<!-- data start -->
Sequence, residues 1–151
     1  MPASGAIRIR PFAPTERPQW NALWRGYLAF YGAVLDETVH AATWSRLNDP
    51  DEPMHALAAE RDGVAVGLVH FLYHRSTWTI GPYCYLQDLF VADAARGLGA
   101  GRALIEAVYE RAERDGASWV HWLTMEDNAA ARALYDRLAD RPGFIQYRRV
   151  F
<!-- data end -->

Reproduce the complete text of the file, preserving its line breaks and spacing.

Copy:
Sequence, residues 1–151
     1  MPASGAIRIR PFAPTERPQW NALWRGYLAF YGAVLDETVH AATWSRLNDP
    51  DEPMHALAAE RDGVAVGLVH FLYHRSTWTI GPYCYLQDLF VADAARGLGA
   101  GRALIEAVYE RAERDGASWV HWLTMEDNAA ARALYDRLAD RPGFIQYRRV
   151  F